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SSMcKelley

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Hello!
I’ve been making wine for about eight years and I’ve been using fresh juice for the last few. The winds of turned out well I think but I’d like them to be better.
I just bought buckets of Tuscan Rosso, old Vine Zin, and Amarone.
I was given Yeast packets when I picked up the juice and that is what I started the three buckets with. I’d like to OK them. I also have chips ground from a bourbon barrel that I would like to use as well. So where do I go from here?
 

Ajmassa

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I try to throw as much junk in a red juice bucket as possible. Some oak chips or powder. Or the fermentation tannins FT Rouge/Booster rouge etc... every little bit helps. Oak in fermentation totally different than aging. Loading up the tannin in primary for structure, giving proper nutrients, adding lactic bacteria for MLF, some type of oak in aging, and bottling after a year in bulk. And any type of grapes I can get- fresh lug/fermented presser skins, or a “grape pack” purchased online in the primary. I think doing all that has made a huge difference from when I did nothing and bottled in 6-9 months.
 
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winemaker81

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Red wines from juice doesn't usually produce the full body you probably want. I have no idea if you can purchase grape skins -- try researching that.

A lot of kits used to add dried elderberries to build body. That is also an option.

It's probably too late this year, but before next year research yeast. The packets you're given with the juice may be satisfactory, or you may want to try something else. Do the research so you'll make an informed decision. I won't recommend asking for opinions ... 'cuz you'll get too many to process :) Go to the web sites of the yeast vendors and read the profiles.

You may also want to make multiple batches of the same juice, using different yeasts in each batch.
 

Ajmassa

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Here’s the only grape pack you can purchase online that I know of. I’ve used it a couple times. http://www.juicegrape.com/Mosti-Mondiale-All-Grape-Pack/

And you can find all the other things you’d want at morewine.com

I liked these little $5 additive packs meant for frozen must. Perfect for a juice bucket. Aside from the lallzyme enzyme. But if you also add some sort of grape to it then you can use that too. https://morewinemaking.com/products/additive-pack-brehm-frozen-fruit-reds.html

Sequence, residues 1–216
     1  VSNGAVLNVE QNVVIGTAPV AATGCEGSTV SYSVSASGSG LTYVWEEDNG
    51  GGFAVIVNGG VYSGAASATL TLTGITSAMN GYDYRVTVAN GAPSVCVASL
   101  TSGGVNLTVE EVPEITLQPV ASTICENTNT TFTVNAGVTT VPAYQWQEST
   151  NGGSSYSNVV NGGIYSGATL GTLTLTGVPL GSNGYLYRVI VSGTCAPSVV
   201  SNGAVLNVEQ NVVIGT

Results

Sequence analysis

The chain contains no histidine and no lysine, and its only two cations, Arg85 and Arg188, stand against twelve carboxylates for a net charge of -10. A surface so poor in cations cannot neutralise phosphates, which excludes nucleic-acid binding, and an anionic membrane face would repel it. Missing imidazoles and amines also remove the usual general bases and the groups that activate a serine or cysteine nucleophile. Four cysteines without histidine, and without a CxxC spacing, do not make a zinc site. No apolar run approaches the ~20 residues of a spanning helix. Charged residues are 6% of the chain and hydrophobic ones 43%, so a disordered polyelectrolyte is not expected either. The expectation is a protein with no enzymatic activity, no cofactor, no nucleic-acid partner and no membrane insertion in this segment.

SSMcKelley

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D145B78B-C9EE-47A9-B6B6-81073FAD2359.jpeg Thank you all for your input!
I will do more research especially in the area of yeast selection.
I am also thinking of using Oak chips from Jack Daniels bourbon barrels. Any thoughts there?
 

Noontime

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View attachment 52078 Thank you all for your input!
I will do more research especially in the area of yeast selection.
I am also thinking of using Oak chips from Jack Daniels bourbon barrels. Any thoughts there?
I would not use the oak chips meant for grilling. You can certainly do it, but I would only do it as an experiment and only on a small quantity; and I would not have high hopes for it to make anything better. There are whiskey barrel oak products out there specifically sold for wines. With that said, I am by no means an expert on whiskey barrels (I don't like that flavor at all in my wines), so there might be more accurate info from others.
 

bathman

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Personally, I wouldn't use oak chips that are sold for using in a smoker, I would stick with oak that is sold specifically for wine making. But that's just my opinion - I'm very careful of what I put in my wine after the time and money I have put into it! You might be ok, maybe someone else has tried it.
 

tjgaul

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It's my understanding that much of the flavor enhancements that come from oak adjuncts is derived from the toasting of the oak. Thus, the untoasted Jack Daniels chips probably won't impart much flavor . . . likely more of a woodiness. I'd go with cubes or spirals designated for wine.
 

SSMcKelley

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Thanks again.
I did call a Jack Daniels rep and asked how the chips were processed. If I use them, I can do so with relative confidence.
I’ve had several bourbon barrel wines and enjoyed them all. I agree that they should be used in small amounts to determine how they will affect the wine. Thanks again for your help.
 

winemaker81

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It's a worthwhile experiment, although as others said, test on a small batch in case things turn out less than optimal. Also, once you oak a wine, removing the oak from the wine has equal success to removing flour from a cake. ;-)

Test the wine frequently and when you think it's approaching the oak level you want, remove the oak. If it turns out to be not enough, you can add more later.
 

SSMcKelley

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It's a worthwhile experiment, although as others said, test on a small batch in case things turn out less than optimal. Also, once you oak a wine, removing the oak from the wine has equal success to removing flour from a cake. ;-)

Test the wine frequently and when you think it's approaching the oak level you want, remove the oak. If it turns out to be not enough, you can add more later.
 

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